When something doesn’t smell quite right, the dogs at Canadian Border Security can tell.
Which is exactly what happened when someone tried to smuggle packages of pork disguised as pickles through Pearson Airport.
According to a tweet by border security, Detector Dog Ambrose sniffed the packages and “said no.” The tweet goes on to say that all pork must be declared.
If it isn’t, travellers could face penalties of up to $1,300 or prosecution.
— Border Services GTA (@CanBorderGTA) May 30, 2019
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The high stakes on pork travelling undeclared are due to the risk of African Swine Flu (ASF), according to border security.
ASF is a highly contagious viral disease of pigs (farm, pets, and wild) that causes significant death rates in infected pigs and can contaminate swine herds in various ways. Reportedly, cases have been found in China, parts of Europe, and among other common travel destinations.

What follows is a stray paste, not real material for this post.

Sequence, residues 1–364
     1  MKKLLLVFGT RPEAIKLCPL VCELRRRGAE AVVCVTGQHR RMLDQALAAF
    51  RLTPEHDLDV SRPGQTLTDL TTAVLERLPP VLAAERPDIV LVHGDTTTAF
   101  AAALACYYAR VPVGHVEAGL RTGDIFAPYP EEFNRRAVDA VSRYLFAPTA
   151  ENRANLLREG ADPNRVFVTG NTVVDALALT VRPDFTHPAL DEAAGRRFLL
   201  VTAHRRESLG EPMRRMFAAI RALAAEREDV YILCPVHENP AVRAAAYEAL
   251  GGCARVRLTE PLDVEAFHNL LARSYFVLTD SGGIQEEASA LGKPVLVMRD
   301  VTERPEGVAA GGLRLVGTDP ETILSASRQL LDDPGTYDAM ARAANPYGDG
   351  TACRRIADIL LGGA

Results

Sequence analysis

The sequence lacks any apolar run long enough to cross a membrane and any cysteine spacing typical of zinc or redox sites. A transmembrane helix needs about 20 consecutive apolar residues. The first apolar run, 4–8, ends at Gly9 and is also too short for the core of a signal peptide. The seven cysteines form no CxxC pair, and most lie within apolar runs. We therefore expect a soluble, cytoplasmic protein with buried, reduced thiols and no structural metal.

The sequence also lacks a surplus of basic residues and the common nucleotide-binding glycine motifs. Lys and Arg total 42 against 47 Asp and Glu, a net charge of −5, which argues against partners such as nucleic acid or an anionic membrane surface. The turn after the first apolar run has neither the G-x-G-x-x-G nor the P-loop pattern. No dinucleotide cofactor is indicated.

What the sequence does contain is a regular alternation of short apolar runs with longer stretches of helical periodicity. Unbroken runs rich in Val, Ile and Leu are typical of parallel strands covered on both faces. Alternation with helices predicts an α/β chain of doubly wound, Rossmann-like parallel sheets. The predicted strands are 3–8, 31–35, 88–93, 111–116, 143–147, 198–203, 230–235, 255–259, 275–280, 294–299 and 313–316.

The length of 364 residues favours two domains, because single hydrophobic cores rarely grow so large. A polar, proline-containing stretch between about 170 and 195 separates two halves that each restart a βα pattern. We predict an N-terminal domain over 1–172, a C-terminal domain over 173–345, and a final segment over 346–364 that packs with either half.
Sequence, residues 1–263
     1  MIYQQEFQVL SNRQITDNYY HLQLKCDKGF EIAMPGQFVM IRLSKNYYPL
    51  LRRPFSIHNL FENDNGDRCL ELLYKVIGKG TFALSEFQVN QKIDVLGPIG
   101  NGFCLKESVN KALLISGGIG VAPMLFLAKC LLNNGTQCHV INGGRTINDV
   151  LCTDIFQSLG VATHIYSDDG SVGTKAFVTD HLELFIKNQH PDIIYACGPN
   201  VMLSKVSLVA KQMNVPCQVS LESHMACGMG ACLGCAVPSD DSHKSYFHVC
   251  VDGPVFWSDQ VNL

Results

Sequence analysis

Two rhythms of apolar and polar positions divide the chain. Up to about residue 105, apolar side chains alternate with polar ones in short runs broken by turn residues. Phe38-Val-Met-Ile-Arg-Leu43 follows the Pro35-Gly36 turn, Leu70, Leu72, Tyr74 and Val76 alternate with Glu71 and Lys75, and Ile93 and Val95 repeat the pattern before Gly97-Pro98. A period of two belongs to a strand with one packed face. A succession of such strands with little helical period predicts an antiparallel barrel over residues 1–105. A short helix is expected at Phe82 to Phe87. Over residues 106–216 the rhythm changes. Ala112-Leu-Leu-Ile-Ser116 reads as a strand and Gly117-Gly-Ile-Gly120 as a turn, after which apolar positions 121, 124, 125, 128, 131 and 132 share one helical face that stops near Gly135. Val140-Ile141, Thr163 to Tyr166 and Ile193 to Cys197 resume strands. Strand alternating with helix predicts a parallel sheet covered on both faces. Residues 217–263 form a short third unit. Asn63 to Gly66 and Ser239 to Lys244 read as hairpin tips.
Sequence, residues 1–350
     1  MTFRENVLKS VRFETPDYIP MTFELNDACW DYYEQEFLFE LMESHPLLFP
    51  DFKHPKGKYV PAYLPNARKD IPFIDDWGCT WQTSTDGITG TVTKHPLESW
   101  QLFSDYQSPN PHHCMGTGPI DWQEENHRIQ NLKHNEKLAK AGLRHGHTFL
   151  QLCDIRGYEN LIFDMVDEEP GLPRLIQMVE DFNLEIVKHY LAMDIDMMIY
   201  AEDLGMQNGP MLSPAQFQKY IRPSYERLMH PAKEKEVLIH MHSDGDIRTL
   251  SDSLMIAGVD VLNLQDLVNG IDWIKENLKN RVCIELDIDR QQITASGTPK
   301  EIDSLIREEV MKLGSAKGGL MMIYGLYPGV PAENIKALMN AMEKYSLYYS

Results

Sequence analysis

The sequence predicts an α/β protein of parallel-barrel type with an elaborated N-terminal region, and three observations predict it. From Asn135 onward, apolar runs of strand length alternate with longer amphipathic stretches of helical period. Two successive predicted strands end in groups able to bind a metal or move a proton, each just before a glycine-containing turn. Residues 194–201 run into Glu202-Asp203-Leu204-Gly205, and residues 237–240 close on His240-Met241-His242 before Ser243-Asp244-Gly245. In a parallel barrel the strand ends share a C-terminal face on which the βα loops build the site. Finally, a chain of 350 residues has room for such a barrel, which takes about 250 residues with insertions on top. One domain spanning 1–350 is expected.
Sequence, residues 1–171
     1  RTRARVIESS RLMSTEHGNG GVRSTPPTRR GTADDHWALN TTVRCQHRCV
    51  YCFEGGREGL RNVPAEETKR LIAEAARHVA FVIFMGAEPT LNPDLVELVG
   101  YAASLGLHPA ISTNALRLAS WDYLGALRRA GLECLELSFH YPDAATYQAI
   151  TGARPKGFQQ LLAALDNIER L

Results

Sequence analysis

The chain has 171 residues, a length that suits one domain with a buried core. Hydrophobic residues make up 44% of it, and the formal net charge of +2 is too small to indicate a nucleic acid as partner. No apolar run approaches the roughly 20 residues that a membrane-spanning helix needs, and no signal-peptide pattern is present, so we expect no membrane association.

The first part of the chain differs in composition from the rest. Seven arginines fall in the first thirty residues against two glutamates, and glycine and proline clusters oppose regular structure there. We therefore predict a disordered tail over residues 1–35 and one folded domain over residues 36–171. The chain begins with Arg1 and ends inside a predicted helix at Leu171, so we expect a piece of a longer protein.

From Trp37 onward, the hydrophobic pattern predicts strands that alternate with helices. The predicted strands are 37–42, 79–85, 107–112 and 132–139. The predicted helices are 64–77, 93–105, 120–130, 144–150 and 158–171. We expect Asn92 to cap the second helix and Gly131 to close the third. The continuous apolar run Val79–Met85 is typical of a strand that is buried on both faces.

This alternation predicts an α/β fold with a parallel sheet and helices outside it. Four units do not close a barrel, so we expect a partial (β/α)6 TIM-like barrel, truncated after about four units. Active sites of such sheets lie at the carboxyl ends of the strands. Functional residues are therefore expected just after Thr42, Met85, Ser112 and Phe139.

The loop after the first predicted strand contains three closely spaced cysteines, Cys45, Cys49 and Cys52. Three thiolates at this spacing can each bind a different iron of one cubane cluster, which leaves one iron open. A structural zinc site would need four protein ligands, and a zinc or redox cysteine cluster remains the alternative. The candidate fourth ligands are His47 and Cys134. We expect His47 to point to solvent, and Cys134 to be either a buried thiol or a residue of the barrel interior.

While there have been no cases in Canada at this point, border security is being diligent. The introduction of the flu could interrupt the Canadian pork industry, which brings in more than $20 billion for Canada every year.
Travellers can help keep ASF out of Canada by always declaring food, plant, or animal products on arrival.
The CFIA also advises that people such as farm workers and hunters are particularly at risk of bringing back contaminated food, clothing, and equipment.
In addition to the obligation to declare at the border, they are advised to wash or dispose of any clothing and footwear worn while travelling to a country that is infected with ASF.